After a period with the interest rate at the effective lower bound, temporarily overshooting inflation may offer important economic benefits. This may be especially true for vulnerable segments of the population, such as workers with low attachment to the labour force and the long-term unemployed.
Over the last few decades, real interest rates have trended downward. The most common explanation is that this reflects depressed demand due to demographic, technological and other real factors. We explore the claim that these trends may have been amplified by certain features of monetary policy.
Macroprudential policy should aim for bank balance sheets that are larger and safer during normal times but smaller and riskier during financial crises. During recoveries from financial crises, monetary policy should complement macroprudential policy by being less expansive than what would be required to close the labour gap.
Firms are at the forefront of adopting new technology. Using survey data from a global network of central banks, we assess the effects of digitalization on firms’ pricing and employment decisions.
How Long is Forever in the Laboratory? Three Implementations of an Infinite-Horizon Monetary EconomyStandard monetary models adopt an infinite horizon with discounting. Testing these models in the lab requires implementing this horizon within a limited time frame. We compare three approaches to such an implementation and discuss their relative advantages.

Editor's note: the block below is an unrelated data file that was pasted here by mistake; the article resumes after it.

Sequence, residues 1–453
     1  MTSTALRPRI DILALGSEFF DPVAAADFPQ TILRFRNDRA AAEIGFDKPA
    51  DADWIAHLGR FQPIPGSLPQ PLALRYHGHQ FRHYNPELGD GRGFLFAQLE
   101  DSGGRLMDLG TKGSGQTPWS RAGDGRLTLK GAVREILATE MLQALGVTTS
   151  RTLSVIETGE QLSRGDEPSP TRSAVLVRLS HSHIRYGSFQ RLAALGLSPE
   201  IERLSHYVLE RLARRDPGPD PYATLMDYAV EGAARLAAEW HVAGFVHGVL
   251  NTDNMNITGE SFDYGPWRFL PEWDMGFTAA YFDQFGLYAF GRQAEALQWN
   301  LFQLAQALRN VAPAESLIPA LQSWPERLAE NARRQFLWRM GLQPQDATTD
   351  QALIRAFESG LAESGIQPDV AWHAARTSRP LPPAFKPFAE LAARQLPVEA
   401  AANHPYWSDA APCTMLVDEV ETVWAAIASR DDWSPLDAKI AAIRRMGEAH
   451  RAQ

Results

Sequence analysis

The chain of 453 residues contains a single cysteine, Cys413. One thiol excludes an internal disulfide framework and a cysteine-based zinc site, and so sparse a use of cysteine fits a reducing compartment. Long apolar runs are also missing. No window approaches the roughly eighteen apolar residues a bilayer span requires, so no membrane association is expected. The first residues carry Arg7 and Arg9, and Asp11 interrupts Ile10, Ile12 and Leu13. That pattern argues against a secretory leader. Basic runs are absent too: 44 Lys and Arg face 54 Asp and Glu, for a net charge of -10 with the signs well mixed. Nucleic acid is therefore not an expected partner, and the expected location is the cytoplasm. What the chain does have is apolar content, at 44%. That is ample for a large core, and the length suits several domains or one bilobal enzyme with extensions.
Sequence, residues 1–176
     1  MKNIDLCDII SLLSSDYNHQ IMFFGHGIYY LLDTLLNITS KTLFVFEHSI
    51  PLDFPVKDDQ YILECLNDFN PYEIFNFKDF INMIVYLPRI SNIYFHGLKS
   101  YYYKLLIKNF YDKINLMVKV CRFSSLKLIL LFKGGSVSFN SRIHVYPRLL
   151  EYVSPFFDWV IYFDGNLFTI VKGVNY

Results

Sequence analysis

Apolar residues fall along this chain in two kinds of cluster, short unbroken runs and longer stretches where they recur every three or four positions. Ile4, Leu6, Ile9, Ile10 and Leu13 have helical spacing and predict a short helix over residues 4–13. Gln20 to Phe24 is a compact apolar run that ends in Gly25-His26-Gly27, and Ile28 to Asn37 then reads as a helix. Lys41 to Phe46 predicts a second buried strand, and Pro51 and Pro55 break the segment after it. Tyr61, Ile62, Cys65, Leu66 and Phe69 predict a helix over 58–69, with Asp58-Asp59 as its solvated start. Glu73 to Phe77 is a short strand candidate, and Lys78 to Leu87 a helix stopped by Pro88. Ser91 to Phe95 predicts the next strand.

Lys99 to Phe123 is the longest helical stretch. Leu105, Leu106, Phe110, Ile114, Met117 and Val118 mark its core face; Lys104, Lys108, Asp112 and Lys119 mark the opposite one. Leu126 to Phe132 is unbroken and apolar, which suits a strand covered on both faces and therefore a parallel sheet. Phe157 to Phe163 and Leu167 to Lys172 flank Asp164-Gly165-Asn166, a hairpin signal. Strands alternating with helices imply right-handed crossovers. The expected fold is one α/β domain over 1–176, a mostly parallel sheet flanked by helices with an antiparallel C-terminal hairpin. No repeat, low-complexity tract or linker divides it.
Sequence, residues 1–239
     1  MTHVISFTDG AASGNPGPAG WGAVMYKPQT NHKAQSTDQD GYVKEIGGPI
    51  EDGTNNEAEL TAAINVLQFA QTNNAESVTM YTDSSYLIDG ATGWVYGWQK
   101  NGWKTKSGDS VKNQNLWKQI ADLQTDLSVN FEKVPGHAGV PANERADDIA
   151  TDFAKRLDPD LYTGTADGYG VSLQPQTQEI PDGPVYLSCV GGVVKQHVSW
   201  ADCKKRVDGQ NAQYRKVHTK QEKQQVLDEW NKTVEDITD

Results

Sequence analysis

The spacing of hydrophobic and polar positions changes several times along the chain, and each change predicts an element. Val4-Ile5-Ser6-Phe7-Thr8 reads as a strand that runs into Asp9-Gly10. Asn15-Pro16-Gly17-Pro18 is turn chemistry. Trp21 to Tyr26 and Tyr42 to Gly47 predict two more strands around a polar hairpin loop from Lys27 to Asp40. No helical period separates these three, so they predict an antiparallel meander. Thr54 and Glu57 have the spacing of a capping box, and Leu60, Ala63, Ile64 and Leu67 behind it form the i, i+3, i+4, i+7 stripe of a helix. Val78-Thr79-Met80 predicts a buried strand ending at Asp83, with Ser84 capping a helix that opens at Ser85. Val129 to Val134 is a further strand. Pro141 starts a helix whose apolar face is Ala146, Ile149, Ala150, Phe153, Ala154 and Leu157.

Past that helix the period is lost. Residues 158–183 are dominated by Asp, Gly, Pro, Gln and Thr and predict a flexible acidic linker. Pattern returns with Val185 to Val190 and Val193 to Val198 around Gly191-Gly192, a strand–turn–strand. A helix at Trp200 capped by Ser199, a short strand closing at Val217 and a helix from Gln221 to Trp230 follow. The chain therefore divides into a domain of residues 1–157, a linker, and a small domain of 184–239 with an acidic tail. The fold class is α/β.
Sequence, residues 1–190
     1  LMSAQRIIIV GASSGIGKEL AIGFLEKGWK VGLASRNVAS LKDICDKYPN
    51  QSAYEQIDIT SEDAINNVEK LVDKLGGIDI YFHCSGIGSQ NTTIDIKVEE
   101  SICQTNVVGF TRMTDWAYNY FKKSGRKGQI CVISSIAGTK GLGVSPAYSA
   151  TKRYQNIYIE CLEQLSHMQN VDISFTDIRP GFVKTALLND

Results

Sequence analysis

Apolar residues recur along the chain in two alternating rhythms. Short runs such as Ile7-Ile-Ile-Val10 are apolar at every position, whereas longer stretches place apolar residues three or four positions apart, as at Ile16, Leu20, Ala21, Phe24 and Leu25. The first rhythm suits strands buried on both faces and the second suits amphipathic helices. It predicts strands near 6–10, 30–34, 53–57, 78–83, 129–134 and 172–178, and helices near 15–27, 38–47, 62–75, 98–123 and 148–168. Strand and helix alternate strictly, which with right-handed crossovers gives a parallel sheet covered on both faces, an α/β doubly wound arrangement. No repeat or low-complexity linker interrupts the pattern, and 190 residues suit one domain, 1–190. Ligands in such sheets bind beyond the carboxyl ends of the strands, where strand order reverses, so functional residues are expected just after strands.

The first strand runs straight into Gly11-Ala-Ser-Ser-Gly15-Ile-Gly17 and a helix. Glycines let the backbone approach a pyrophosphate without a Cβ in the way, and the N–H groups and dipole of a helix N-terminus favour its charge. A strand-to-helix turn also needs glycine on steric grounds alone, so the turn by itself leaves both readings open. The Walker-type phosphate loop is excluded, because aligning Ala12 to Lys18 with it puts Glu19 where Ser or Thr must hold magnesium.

We compare the determinants of consumer inflation expectations in the US and Canada by analyzing two current surveys. We find that Canadian consumers rely more on professional forecasts and the history of actual inflation when forming their expectations, while US consumers rely more on their own lagged expectations.
From 2011 to 2019, inflation in Canada and advanced economies usually registered below inflation targets, spurring the debate on whether the inflation process has changed. This paper highlights emerging questions that will influence the conduct of monetary policy in Canada in the near term.
We study the short-run effects of monetary policy using a search-theoretic monetary model in which agents are subject to idiosyncratic shocks and aggregate monetary shocks.
The goods and services sectors have experienced considerably different dynamics over the past three decades. Our goal in this paper is to understand how such contrasting behaviors at the sectoral level affect the aggregate level of trend inflation dynamics.